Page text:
ILLUSTRATION: ALEX WALKER
A Total Mind Game
Judson Brewer is the director of research at the Center for Mindfulness in Medicine, Health Care and Society at the University of Massachusetts Medical School—an institution founded by Jon Kabat-Zinn, the godfather of the mindfulness movement in the West. When I related my experience with the Muse, Dr. Brewer was dubious. He questioned how a device with only four sensors could measure what the Muse claims to be measuring, and cautioned that subtle, imperceptible muscle movements in the eyes, forehead and jaw can confound any portable EEG device. (According to Graeme Moffat,director of scientific and regulatory affairs at InteraXon, the app’s algorithm can easily detect and ignore these.) What’s more, said Dr. Brewer, the efficacy of Muse’s algorithm for detecting a “calm” state has yet to be validated. (Dr. Moffat said these studies are in the works, with some completed studies undergoing peer review.)
Well, now I was curious. I asked Dr. Brewer if I could test out his research rig to compare. He agreed.
I’d read up on the type of EEG system Dr. Brewer used, but I didn’t realize before I arrived at his lab how involved the prep would be. I donned what looked like a swim cap dotted with 128 holes. Then senior postdoctoral fellow Remko van Lutterveld scraped my scalp at each of those points, squirted electrolyte gel in my hair and proceeded to hook up the 128 electrodes to the cap. About 20 minutes later, with a mass of wires coming off my head, I was ready to meditate.
The first exercise would be a test: I was to meditate and watch a feedback line on a screen that would creep up or down (kind of like a stock chart). At the end, I would say how I thought my meditation efforts had affected the line.
I used the same technique that made the Muse app chirp. Sure enough, the line started climbing. When I relaxed my attention, the line went down. I’ve nailed this, I thought. I told Dr. Brewer that meditating clearly made the line go up.
But I was wrong. The line should go down when I was meditating, Dr. Brewer said. I was flummoxed. After trying a few more runs, I was able to figure out the state that Dr. Brewer’s system was training. And it was completely different than what the Muse was looking for.
When I brought up this discrepancy with Dr. Moffat of Muse, he wasn’t surprised: Muse, he said, is designed to measure a technique called “focused-attention.” Dr. Brewer’s rig, on the other hand, measures “effortless awareness.” (This aligned with my experience: Muse feels like more of an exertion, Dr. Brewer’s rig more of a letting go.) The ultimate goal of Muse, Dr. Moffat added, “isn’t to get the precision that [Dr. Brewer] is trying to achieve; it’s to introduce meditation to people” and take the uncertainty out of the practice.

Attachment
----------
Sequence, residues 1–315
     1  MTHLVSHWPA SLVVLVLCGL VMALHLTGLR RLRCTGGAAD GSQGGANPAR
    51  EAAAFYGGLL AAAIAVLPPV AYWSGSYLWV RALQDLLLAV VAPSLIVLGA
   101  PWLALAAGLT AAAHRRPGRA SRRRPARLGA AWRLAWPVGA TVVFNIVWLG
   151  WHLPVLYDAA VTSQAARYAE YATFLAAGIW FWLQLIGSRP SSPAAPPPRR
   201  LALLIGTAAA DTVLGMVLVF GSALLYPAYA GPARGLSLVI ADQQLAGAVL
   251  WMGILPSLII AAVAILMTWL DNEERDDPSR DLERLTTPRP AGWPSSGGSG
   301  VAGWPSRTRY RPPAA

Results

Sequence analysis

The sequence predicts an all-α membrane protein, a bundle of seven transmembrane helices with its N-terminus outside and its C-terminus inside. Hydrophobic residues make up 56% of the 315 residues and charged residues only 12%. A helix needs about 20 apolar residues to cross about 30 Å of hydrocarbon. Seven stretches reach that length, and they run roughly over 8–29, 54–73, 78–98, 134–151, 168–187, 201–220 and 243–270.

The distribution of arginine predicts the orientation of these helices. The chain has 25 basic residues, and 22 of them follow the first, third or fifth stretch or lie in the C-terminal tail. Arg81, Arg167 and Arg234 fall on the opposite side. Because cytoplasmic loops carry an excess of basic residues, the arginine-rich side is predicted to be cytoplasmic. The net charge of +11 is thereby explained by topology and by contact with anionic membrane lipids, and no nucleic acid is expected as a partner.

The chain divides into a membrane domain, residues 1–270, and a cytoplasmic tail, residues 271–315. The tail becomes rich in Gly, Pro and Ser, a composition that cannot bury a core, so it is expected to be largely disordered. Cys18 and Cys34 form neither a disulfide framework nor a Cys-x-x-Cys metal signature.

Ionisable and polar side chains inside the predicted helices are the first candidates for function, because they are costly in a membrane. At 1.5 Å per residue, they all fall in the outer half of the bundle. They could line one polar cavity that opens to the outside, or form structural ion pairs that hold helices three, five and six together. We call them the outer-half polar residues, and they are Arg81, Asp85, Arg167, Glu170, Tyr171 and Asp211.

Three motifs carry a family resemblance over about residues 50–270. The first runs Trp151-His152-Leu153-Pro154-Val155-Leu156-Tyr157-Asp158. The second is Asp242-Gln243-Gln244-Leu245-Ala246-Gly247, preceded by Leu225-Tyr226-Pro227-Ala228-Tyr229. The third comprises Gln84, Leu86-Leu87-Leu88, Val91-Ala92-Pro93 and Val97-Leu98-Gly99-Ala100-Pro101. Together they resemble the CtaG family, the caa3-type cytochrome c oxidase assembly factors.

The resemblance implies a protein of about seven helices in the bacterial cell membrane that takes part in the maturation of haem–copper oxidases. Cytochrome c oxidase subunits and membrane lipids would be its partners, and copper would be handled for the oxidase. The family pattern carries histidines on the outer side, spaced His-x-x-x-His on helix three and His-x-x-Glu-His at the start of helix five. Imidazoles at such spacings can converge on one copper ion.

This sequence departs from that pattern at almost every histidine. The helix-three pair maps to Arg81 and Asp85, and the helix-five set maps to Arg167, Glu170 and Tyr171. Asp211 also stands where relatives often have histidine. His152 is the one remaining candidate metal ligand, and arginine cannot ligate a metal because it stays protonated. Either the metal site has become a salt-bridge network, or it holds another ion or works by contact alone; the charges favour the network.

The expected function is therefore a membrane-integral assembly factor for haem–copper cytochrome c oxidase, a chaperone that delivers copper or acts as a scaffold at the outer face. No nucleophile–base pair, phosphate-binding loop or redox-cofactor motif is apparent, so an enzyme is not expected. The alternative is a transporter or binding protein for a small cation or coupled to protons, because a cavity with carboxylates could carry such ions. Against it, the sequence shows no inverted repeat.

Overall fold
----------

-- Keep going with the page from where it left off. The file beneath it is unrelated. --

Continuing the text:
But Is This Meditation?
I ended up speaking to a half dozen neuroscientists about their take on devices like the Muse: Dr. Arnaud Delorme of the University of San Diego shared Dr. Brewer’s skepticism and concerns, while Dr. Randy McIntosh and Dr. Farb, both of whom are affiliated with the University of Toronto and have conducted research using the Muse, felt the device did provide usable data. Dr. Farb expressed “cautious optimism” about Muse’s potential.
But I was most surprised by the opinion of Richard J. Davidson, founder of the Center for Healthy Minds at the University of Wisconsin-Madison. Dr. Davidson has studied meditation’s effect on the brain extensively, and he described himself as a “deep, dedicated meditator.” Yet he flat-out opposes the use of EEG biofeedback in meditation training—whether with a consumer EEG device or a more advanced one like Dr. Brewer’s.
“If you go back to the root of the word, ‘meditation’ in Sanskrit means ‘familiarization’: familiarizing an individual with the nature of his or her own mind. I think that when we get focused on external signals, we actually may detract from the ability to recognize certain features of our own mind,” said Dr. Davidson. He believes using biofeedback for meditation training can be more detrimental than helpful at this point. From a scientific standpoint, he said, we don’t yet know enough about what brain signals to look for to indicate a true meditative state. “The effort at this point is absurd. Literally, it makes no sense,” said Dr. Davidson.
Not surprisingly, my meditation teacher, Nan Lu, a classically trained doctor of Chinese medicine, was unimpressed, too. He said one can never use a machine to help with meditation because it guides people to look toward the exterior instead of the interior. Using meditation simply to develop focus, he added, is like “using a diamond to level a table.”
“Musing” may not be meditating—an ancient and powerful practice. But could it be a baby step in that direction? Based on a pilot study of the Muse that Dr. Farb recently completed, he thinks the question is worth exploring. “It might be that in the broad trajectory of a meditative training path, [the Muse is] only the first 1% of the path or the first half percent of the path,” said Dr. Farb. “But you got to start somewhere.”